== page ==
US job openings rise slightly; labor market steadily easing

U.S. job openings edged up in February, though labor market conditions are gradually easing in support of expectations that the Federal Reserve will start cutting interest rates by June.

The Job Openings and Labor Turnover Survey, or JOLTS report, from the Labor Department on Tuesday showed there were 1.36 vacancies for every unemployed person in February, down from 1.43 in January. The decline in the vacancy-to-unemployment ratio reflected a spike in unemployment at the start of the year. Economists, however, argued that the drop in the ratio in February did not mark a material shift in the labor market.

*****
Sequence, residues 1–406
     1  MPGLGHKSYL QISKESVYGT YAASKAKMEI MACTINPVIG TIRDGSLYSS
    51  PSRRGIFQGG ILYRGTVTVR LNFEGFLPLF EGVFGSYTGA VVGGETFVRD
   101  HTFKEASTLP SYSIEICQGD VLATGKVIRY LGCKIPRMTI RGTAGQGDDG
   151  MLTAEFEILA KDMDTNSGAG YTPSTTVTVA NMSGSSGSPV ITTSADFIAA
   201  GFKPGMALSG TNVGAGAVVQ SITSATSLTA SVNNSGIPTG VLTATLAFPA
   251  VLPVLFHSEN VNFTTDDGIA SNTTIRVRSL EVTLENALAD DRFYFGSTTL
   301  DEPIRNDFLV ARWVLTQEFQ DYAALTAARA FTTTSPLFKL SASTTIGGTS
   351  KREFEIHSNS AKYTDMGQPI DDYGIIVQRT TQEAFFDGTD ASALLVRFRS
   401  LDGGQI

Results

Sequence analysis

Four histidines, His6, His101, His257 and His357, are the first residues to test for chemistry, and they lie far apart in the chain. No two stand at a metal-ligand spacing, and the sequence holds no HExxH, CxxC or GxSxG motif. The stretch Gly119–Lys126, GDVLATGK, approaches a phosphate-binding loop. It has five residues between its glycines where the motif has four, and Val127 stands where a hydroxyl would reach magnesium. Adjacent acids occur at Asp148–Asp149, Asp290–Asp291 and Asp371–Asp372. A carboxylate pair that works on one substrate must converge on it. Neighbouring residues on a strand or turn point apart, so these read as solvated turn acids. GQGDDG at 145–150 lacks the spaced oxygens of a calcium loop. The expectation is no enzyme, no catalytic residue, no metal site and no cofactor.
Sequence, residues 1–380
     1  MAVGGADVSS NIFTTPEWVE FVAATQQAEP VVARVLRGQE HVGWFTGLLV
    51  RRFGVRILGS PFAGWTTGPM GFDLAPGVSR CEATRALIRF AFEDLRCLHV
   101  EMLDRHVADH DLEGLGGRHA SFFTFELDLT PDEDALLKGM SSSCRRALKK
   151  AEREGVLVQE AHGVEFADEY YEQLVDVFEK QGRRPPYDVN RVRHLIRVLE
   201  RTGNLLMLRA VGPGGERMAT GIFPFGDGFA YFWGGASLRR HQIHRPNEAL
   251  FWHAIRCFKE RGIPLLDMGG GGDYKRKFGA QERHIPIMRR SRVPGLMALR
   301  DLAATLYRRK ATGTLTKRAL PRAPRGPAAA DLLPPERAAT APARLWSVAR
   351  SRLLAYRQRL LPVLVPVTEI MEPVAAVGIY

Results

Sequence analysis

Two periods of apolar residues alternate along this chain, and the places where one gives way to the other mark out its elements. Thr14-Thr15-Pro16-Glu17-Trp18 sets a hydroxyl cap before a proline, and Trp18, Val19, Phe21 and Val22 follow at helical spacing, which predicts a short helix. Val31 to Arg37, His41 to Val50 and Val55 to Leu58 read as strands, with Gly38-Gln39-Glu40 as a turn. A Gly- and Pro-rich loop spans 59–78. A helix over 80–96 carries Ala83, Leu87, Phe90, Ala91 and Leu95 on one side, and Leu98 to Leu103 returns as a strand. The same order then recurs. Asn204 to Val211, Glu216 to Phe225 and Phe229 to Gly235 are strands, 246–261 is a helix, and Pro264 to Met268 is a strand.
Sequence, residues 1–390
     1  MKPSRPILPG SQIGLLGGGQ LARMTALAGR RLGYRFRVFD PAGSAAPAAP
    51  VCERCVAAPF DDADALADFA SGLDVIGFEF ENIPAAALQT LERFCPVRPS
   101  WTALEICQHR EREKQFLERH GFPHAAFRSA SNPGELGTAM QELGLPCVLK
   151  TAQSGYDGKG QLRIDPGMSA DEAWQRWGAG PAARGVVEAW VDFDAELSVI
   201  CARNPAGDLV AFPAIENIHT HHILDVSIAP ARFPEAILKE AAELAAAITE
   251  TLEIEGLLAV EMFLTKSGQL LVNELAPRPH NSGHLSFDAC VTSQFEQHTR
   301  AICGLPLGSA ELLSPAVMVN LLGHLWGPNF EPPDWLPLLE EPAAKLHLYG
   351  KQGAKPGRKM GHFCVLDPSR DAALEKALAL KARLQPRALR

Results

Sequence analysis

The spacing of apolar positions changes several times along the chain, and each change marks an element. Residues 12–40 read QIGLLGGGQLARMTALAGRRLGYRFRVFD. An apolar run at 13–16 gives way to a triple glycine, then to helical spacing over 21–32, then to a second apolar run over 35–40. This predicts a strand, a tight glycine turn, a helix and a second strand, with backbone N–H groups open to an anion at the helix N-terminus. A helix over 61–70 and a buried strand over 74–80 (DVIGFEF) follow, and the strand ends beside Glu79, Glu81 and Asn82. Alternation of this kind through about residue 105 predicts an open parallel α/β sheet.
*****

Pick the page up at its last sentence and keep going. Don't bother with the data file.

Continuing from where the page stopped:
“There is nothing here to worry Fed policymakers, who want a strong labor market, but the very slow progress in reducing the apparent excess demand for labor is not likely to encourage the Fed to cut interest rates in the immediate future,” said Conrad DeQuadros, senior economic advisor at Brean Capital in New York.

Job openings, a measure of labor demand, edged up 8,000 to 8.756 million on the last day of February, the Labor Department’s Bureau of Labor Statistics said. Data for January was revised lower to show 8.748 million unfilled positions instead of the previously reported 8.863 million.


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